school and Hagrid’s hut. But the boys hadn’t moved and she found herself snagged
by the cloak.
“Come on, both of you. Before we get into trouble.”
“Wait,” said Ron. “I hear it, too. It’s--”
“Music?… Shh,” said Harry. He and Ron mechanically turned to face the wood.
Hermione frowned in the darkness, peering forward into the trees. She thought
she had for a moment seen a figure crouched in the distance. But when she blinked
again the depths of the forest were still. It must just be my imagination,
she chided herself, peering down at the map. “I don’t hear anything. Let’s g—Hey!
Where are you two going?” she hissed.
Both boys had taken short wooden steps toward the dense tree line. The cloak
slipped further off with Ron and Harry’s every step and the chill of the breeze
up to her knees made Hermione shiver. “Oh, all right, I’m coming. Wait.” She
decided it was better to accompany them than remain standing alone at the edge
of the Forbidden Forest.
They had gone no further than the first crossroads in the trail when Harry
suddenly came to a halt and Ron, directly behind, collided into him.
“What?” asked Hermione. “What is it?”
Neither answered. The boys stood still as statues.
Both stared ahead blankly, neither issuing a response. Hermione, moved by
a mixture of anxiety and impatience, gripped them by the arms. “Hey!”
“Ow!” they both yelled suddenly, seeming to come to. Ron swatted at her irritably
under the cloak.
“Shhhh!!” cautioned Hermione. Too late.
“Who’s there?! Show yerself!” The raspy twang of Argus Filch’s voice cut through
the stillness of the clearing behind them. The overzealous and mean-spirited
caretaker at Hogwarts carried a dim lantern just in front of his thin, sour
face twisted into a scowl. Just visible on the grass, creeping carefully ahead
of him was Filch’s cat Mrs. Norris, who bore an uncanny resemblance to her master.
“Someone’s here, my sweet. Ye can smell ‘em, can’tcha?” By this time Filch
and Mrs. Norris were so close they could see the shadows cast by the scant stubble
on the caretaker’s chin. As Filch approached they spotted the yellow-brown tinge
of his crooked teeth, some of which were missing. “It’s no use hiding. Show
yerself!” They soon realized his breath was no better.
Mrs. Norris looked directly up at them, but made not a sound. The three wondered
apprehensively—and not for the first time—whether the cat could actually see
through Invisibility Cloaks.
Having frozen at the sound of Filch’s voice, the three held an unnaturally
crouched position to keep their ankles and shoes under the cover of the Cloak.
By the time Mrs. Norris seemed to lose interest in whatever she may have sensed
in their direction, the cramping in Hermione’s legs had become unbearable. She
feared she might have to ask the boys to use a Mobilicorpus Charm to get her
back to Gryffindor Tower.
Filch lingered for a moment, staring searchingly through their faces, before
disappointedly giving up the hunt. A whole summer without inflicting punishment
of any kind to a student had done nothing to temper his taste for it. The three
heard him grumbling audibly to Mrs. Norris.
“Must be summat out there,” he said, squinting. “How I’d love to get my hands
on whatever little brat might be out ‘ere breakin’ curfew.” He nodded at the
cat. “I ‘spect it could be some o’ them older students roamin’ the grounds.
They do it fer kicks, ye know—like that Potter and his whingey friends.” The
boys winced as Filch unsuspectingly flung a nasty scowl in their direction,
his disgust evident. “Damn that bloody Wizards’ Educational Council. They don’t
even give a toss ‘bout corporal punishment nowadays. Biggest mistake they made,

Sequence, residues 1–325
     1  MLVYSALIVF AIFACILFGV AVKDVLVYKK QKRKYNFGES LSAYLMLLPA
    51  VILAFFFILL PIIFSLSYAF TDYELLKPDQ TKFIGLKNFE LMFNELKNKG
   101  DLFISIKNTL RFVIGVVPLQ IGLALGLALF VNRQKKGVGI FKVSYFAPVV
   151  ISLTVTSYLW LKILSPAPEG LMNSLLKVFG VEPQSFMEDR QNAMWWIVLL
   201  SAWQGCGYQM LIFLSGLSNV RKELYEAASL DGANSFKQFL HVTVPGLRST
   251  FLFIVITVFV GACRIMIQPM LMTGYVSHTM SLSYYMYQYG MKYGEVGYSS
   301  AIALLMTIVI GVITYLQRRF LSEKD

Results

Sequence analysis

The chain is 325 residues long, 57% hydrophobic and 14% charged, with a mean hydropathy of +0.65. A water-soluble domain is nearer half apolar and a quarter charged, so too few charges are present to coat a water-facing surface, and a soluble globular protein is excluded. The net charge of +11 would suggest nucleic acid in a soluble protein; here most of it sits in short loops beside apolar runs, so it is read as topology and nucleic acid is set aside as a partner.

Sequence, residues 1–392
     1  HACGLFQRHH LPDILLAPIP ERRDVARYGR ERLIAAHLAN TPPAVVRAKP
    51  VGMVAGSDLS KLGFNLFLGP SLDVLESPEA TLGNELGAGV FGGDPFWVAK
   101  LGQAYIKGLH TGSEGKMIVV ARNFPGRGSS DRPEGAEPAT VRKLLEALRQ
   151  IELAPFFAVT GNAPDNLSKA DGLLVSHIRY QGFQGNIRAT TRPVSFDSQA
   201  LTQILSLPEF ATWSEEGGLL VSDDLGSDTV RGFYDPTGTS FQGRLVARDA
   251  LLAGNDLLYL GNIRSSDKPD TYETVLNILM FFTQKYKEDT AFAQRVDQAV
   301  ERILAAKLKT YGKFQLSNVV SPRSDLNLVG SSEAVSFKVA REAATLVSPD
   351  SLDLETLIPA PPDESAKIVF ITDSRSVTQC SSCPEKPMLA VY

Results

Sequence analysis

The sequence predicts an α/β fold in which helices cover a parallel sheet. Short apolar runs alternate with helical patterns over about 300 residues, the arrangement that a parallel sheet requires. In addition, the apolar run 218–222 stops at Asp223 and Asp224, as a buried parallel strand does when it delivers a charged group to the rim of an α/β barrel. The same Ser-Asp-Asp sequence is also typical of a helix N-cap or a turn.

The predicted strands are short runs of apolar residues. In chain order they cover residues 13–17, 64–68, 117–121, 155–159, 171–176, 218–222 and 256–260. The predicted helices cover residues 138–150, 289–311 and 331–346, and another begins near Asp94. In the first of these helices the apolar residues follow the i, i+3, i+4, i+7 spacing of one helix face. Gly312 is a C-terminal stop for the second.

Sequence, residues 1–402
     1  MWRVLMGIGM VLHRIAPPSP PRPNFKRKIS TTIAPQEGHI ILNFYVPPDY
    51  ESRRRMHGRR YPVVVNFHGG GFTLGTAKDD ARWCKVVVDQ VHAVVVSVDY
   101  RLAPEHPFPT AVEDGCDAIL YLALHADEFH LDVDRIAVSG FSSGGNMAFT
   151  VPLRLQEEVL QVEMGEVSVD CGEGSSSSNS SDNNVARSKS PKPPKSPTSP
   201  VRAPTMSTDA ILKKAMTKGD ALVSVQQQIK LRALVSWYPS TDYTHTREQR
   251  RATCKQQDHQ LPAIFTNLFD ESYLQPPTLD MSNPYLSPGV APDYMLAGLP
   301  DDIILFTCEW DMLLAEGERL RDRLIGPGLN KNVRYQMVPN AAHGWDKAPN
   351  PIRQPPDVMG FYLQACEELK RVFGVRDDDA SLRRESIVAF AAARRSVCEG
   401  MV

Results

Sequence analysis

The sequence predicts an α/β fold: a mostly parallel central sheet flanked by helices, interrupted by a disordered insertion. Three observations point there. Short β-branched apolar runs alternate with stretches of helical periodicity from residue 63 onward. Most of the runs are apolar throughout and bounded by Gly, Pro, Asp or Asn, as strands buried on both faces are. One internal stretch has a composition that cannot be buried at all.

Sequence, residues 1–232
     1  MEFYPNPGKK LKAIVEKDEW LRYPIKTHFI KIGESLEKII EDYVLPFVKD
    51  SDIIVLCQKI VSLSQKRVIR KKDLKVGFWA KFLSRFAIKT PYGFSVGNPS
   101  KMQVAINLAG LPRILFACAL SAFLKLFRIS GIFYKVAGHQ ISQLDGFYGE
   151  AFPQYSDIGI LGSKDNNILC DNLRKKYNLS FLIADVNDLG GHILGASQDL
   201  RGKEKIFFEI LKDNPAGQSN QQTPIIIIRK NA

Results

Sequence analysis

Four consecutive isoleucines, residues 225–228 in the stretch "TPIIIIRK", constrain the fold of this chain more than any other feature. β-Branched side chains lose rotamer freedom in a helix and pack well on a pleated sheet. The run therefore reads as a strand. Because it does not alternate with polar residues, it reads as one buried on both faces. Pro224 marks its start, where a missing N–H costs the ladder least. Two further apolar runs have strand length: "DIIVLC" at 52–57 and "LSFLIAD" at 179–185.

in my ‘pinion, was to abolish it.” Filch spat at a spot close to the edge of
the Cloak. Hermione watched in horror as the cat turned slowly, hissing in their
direction. But Filch merely nodded. “That’s right, my sweet. Hardly seems worth
punishin’ them little brats anymore seeing’s all they’d get’s a detention. In
my day,” he sighed nostalgically, “it was all hot coals, the rack and partial
Expelling a disgruntled sniff, Filch turned abruptly on his heel, and struck
off in the opposite direction. Once his ramblings to Mrs. Norris faded completely
into the distance, the three stole their way back to the entrance to Gryffindor
Tower without attempts at further conversation. In the entrance hall, a suit
of armour lolled its sleepy head as they crept past, but they otherwise encountered
no one along the staircases and vaulted corridors.
In front of the entrance to the tower marked by a portrait of a fat lady dressed
in a large pink dress, a lone figure sat huddled, resting its head on its knees.
“Neville, what are you doing here?” asked Harry.
“I—I forgot the password.” Shivering, he drew his robes closer around his
pajamas. He rubbed his eyes sleepily leaving a streak of dirt on his rounded
cheek. They knew this short, plump boy with straight, mousy hair to be perhaps
the most absent-minded in the whole of Gryffindor House. Ron helped him up.
Hermione turned to the portrait of the Fat Lady. “Sad cow,” she said.
“Same to you, dear!” huffed the Fat Lady.
“Hermione!” admonished a startled Ron.
“What?” She frowned at him irritably. “It’s the new password. Or can’t you
remember them either?”
Indeed, the Fat Lady followed her indignant outburst with a nod and the portrait
swung forward to let them through.
Without another word, Neville climbed in ahead of them. Hermione could hear
the pad-pad-padding of his slippers fading as he disappeared up the spiral staircase
leading to the boys’ dormitory.
No sooner had they entered the circular, tapestry-laden common room, than Harry
and Ron turned soporifically to the boys’ staircase. The fireplace held cold
embers and the common room was empty (not entirely surprising given that it
was already 3:30 in the morning). Hermione, still fully awake, hands on hips,
called after them. “Hey, aren’t you going to explain yourselves? What was all
that about out there? What did you hear?”
Harry glanced back, frowning. “Hear? When? What do you mean, what did we hear?
Nothing.” He shrugged, yawning, his eyes glazing over.
“But didn’t you say you h—?”
To her bewilderment, Ron half turned and shrugged at her as well. Hermione
watched as both turned and ascended the staircase, together whistling in perfect
time an unfamiliar and mournful tune. And for the first time that year, even
counting their first Potions class, Hermione’s hairs stood on end.